Writer and Social Reformist
I will persevere until Contempt becomes required reading for every family court judge in the country.
We were recent arrivals in Denmark from Canada, fresh off the boat, you could say. We’d been living there a few short months, and had been learning about the culture, the routines, the landscape, and of course, the people. We’d been told what to expect from the Danes. They are rule followers, private and shy, and according to some people, standoffish. I disagree with that last descriptive, by the way. Not inclined to initiate a conversation with strangers, they are open and willing to share if approached, but shun the superficial North American ritual of asking strangers, “How are you?” Asking it may evoke baffled surprise that a stranger would dare ask such a personal question.
Friends had invited us to a local hockey game one evening, the family of a boy my son had met at school, and whose mom with whom I’d become friendly. The dad in the family had been given tickets for the game, which was happening in the small town where we were living, just north of Copenhagen. We were their guests.
We hopped on our bikes, oh so Danish-ly, donning gloves and wrapping ourselves in scarves against the chilly evening, flicking on our bike headlights to guide us through the dark. Canadians in Denmark. We had arrived.
Parking our bikes outside of the arena, we maneuvered the crowd to find our friends, past the smoke of the bbq set up outside the main doors, where hot dogs were being grilled. No event in Denmark was complete without hot dogs, and the sight of a bbq outside any sporting or community event would become a familiar one.
Our friends located, we made our way inside and the mom showed our tickets at the gate, returning them to her purse once they’d been scanned.
We found our seats, and my son and his friend stood in front of the boards, away from the parents, watching the game a safe distance from the grownups. The mom and I sat and chatted, mostly ignoring the game, leaving the two dads to awkwardly become acquainted with each other.
At the end of the first period, the dads went off for snacks and beer, the mom and I still engrossed in our conversation. The other dad came back a few minutes later and handed us beers, the two boys trailing behind him with their sodas.
I looked at my son and asked him, “Where’s your Dad?”
“Dad went to get me a hot dog,” my son answered. I tipped my head at him, and went back to my conversation.
The hockey game resumed and we chatted and chatted, oblivious to any hockey game. I hadn’t realized about twenty minutes had passed until my husband huffed back into his seat, handing my son a hot dog.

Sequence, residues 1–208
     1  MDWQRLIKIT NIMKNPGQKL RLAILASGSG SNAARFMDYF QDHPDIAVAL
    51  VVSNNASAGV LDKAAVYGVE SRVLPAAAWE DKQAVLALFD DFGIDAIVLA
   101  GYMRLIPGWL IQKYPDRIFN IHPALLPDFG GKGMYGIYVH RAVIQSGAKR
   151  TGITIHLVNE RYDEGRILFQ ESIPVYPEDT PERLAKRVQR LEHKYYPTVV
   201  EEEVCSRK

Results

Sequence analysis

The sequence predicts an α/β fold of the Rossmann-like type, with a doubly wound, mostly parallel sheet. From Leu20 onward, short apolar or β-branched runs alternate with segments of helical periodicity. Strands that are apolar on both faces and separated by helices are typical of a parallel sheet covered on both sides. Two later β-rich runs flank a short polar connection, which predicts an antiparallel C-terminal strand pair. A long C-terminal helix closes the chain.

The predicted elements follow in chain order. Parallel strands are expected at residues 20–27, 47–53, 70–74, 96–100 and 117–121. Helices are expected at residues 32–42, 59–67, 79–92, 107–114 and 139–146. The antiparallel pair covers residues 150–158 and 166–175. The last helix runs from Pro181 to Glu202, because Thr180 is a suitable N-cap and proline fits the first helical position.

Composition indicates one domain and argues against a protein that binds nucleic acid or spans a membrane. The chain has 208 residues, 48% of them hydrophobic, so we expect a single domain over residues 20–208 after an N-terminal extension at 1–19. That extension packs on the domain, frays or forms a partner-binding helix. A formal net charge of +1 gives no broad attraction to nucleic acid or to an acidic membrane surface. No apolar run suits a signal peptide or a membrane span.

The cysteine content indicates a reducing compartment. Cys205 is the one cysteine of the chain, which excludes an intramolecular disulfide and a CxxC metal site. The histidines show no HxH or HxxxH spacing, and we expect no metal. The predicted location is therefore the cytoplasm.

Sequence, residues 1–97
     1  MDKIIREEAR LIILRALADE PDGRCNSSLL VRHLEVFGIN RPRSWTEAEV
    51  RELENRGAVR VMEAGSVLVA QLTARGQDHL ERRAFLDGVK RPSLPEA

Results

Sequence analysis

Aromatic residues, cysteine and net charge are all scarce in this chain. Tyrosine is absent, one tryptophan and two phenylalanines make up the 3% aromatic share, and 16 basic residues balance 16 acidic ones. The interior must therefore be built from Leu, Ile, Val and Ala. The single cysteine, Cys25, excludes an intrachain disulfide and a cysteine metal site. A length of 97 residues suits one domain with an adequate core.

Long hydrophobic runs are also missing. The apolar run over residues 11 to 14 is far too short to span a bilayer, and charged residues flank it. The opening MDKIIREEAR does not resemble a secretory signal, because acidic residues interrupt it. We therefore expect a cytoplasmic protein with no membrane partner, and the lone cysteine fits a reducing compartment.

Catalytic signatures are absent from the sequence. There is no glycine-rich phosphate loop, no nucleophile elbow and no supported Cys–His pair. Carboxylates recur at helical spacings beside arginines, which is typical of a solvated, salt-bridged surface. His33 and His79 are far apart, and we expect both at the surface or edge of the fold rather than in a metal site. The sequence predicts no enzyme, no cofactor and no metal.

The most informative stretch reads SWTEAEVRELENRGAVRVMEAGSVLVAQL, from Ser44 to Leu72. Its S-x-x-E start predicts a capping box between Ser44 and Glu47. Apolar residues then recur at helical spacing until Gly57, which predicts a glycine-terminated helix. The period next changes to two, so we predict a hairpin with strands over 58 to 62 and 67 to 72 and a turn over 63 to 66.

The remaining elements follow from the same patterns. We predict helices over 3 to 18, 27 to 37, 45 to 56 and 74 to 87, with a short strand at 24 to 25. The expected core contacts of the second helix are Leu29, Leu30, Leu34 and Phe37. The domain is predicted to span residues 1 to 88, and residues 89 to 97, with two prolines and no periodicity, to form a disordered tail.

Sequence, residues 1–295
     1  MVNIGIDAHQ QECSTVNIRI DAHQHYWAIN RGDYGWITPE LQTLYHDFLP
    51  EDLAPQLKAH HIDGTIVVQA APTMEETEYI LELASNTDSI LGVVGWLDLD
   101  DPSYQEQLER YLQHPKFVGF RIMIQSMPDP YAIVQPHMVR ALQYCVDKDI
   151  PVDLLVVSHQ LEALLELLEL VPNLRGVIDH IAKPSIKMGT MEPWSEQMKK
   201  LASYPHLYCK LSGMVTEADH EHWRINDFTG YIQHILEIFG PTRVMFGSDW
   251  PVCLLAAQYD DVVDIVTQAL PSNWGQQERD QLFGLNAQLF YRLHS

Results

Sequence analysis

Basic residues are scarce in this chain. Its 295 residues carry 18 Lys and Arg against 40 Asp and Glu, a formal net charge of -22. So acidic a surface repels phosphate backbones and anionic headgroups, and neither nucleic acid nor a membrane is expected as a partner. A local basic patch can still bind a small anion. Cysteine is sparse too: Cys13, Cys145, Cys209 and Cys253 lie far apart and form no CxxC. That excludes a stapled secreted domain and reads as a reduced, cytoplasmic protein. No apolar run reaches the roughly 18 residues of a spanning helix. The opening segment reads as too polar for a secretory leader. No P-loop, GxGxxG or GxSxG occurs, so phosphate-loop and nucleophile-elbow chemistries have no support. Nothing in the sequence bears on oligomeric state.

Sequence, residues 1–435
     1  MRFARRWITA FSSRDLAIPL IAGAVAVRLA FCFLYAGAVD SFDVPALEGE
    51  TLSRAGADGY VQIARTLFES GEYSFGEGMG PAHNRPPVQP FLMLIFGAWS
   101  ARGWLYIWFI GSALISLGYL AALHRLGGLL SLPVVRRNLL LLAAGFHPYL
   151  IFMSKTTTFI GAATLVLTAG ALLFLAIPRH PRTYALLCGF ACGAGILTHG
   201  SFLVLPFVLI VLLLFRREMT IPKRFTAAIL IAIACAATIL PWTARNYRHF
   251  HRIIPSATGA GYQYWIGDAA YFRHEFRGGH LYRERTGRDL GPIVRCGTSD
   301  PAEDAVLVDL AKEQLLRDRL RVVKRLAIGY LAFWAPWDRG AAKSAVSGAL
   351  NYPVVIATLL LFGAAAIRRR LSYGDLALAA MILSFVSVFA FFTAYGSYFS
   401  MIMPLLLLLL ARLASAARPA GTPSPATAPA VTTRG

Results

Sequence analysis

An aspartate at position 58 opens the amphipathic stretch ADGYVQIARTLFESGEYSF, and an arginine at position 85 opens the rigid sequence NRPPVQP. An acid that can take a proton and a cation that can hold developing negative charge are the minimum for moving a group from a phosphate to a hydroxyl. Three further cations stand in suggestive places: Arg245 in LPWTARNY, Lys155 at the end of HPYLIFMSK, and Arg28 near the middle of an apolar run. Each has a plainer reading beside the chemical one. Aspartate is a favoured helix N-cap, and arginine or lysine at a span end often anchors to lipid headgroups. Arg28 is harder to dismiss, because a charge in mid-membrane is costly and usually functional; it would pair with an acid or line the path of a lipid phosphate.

He grumbled at me, “I called you like, eight times.”
I glanced down at my phone, and sure enough, eight missed calls and a bunch of text messages from him, asking me to bring his ticket outside.
He proceeded to tell us why it had taken a half hour to buy a hot dog. “I was locked out. I walked by the guy at the door and asked him if I could go out and buy a hot dog and come back in. He told me, no problem, so I went out for the hot dog. I walked back in with the hot dog, and he asked for my stamp. I asked if he remembered me, I’d just gone out and came back. He said, yes, he remembered, but I still needed a stamp on my hand, and I hadn’t asked for a stamp before I’d gone outside. I told him I didn’t know I’d needed a stamp, and he hadn’t told me I needed a stamp when I’d asked him if I could go out and get the hot dog. I told him my ticket was inside, with my wife, but even though he watched me walk out two minutes earlier, he wouldn’t let me back through the gates because I didn’t have a stamp and I didn’t have a ticket. I asked him if I could go in and get my ticket, and he told me no, I would have to buy a new ticket. I could only enter if I had a ticket or a stamp. That was the rule.
I stood there next to the ticket taker, holding onto the hot dog and trying to call you. After about fifteen minutes, she says to me, Your hot dog is getting cold. You should eat it.
I told her it wasn’t my hot dog, it was my son’s, so she asks me, Where is your son?
I pointed inside the arena and told her the guy at the door said I couldn’t back into the game. She told me to go give my son his hot dog and she let me inside.”
We laughed at his story, the hot dog got eaten, and the game continued. All was fine until about ten minutes later, when we saw a woman walking through the arena, scanning the crowd. Then she spotted her target.
She marched up to my husband and spoke to him accusingly. “There you are. I thought you were just bringing your son his hot dog?”
My husband explained that he had been inside the game already, and was coming back inside from going to buy his son a hot dog. Our friend pulled the tickets from her purse and showed them to the ticket taker, proving to her that he was not, in fact, trying to sneak into the local, junior level hockey game.
The Danes are rule followers, to the extreme, at times. The joke goes, a group of Danes tried to rob a bank once. They failed because the getaway car wouldn’t make an illegal u-turn to escape. I say this with only feelings of good will for Danish people and their need to follow all the rules, all the time, even if it did cause me frustration at times.
Danish culture works well because they follow the rules. Even though I don’t live there anymore, I can’t bring myself to walk into a crosswalk unless the little man on the light tells me it’s okay to do so, even when it’s midnight and there isn’t another soul in sight.